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More Confusion For Consumers

More Confusion For Consumers With Clayton's Labelling Scheme

Green MP Sue Kedgley said the long awaited labelling scheme for GE foods which comes into force today was a Clayton's scheme which, rather than helping consumers, will confuse them even more.

"There are so many loopholes and exemptions to this scheme that consumers are just going to be left scratching their heads, if they notice any difference at all," she said.

"The only positive thing about this scheme is that it has prompted many food producers and supermarket chains to go further than what is required and to source all GE-free ingredients for their own brands."

One of the confusing aspects of this scheme is that all foods made, packaged, imported or purchased for re-sale before December 7 can remain on shelves for a further year with no labels indicating the presence or otherwise of GE ingredients.

Foods with processed or refined oils, fats and sugars made from genetically engineered crops and found in many foods will not require labels. Nor will many genetically engineered rennets, enzymes, flavourings, colourings or additives such as soy lecithin, which is found in many breads and baked goods.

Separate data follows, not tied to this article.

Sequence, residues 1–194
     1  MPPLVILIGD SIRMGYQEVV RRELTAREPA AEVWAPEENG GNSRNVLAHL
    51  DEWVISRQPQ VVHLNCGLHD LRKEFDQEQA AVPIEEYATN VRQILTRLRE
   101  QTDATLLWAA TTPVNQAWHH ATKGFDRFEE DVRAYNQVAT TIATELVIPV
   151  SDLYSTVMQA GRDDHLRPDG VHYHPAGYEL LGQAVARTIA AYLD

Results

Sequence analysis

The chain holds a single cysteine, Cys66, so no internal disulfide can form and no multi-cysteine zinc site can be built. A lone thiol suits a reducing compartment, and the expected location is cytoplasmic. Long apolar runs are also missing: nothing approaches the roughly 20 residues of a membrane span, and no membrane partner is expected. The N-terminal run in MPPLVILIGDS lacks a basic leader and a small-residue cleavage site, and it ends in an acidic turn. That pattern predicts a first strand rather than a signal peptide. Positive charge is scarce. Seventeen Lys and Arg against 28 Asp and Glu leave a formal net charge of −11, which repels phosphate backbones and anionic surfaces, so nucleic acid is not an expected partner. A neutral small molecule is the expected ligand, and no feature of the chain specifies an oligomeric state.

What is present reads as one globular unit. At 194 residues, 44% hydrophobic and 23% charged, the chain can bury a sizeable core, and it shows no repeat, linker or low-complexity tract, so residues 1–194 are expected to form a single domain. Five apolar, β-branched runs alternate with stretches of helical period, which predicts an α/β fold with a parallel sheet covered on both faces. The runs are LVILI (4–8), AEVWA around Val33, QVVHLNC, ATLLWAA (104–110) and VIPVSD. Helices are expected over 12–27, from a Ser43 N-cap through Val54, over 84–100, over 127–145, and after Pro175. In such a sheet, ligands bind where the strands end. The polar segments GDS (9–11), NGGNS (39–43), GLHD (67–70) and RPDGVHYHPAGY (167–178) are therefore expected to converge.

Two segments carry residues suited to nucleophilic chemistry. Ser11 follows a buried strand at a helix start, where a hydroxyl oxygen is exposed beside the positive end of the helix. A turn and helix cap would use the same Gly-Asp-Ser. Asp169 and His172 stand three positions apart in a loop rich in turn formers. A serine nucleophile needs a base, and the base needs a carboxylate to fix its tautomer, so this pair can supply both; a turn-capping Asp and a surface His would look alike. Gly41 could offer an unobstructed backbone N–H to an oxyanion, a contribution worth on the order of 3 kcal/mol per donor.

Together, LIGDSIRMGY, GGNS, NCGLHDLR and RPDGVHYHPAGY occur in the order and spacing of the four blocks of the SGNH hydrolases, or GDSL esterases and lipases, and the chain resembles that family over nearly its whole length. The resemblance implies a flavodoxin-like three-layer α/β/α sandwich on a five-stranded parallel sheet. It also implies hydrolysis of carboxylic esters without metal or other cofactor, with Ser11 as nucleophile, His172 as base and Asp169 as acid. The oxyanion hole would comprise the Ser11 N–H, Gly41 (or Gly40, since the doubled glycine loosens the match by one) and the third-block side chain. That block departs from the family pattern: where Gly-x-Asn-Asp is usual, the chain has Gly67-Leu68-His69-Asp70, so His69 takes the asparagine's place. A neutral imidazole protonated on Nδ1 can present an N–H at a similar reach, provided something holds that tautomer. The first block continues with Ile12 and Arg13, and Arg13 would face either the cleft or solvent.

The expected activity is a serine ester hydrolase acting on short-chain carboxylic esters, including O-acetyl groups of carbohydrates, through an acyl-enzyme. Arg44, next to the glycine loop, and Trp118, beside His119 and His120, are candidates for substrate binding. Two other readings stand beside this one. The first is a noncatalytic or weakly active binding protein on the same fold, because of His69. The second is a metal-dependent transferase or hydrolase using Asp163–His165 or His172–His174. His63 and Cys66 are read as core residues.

Products from animals fed on genetically engineered feed will not require a label, nor will any food bought from a deli, take-away or restaurant (about 60 per cent of all the food we eat).

"On a positive note, many food companies, including two major supermarket chains, Woolworths (which owns Woolworths, Price Chopper and Big Fresh supermarkets) and Progressive (which owns Countdown and Foodtown supermarkets), have now committed to making their own brands GE-free."

Ms Kedgley urged all New Zealanders to use their power as consumers to support the growing list of companies that had gone the extra mile and removed all GE ingredients from their food and avoid companies that refused.

"That way all companies would be forced to go GE-free," she said.

"It is a shame that of the major supermarkets here in New Zealand only Foodstuffs, which owns New World, 4 Square and Pak 'n' Save, has refused to go GE-free with its own Pam's and Budget brands."

"The Greens will continue to push for these rules to be tightened and strengthened and for producers to listen to the views of consumers. It is simply not fair to make people eat something they do not want and, sadly, this Clayton's scheme does nothing to stop exactly that."

Ends


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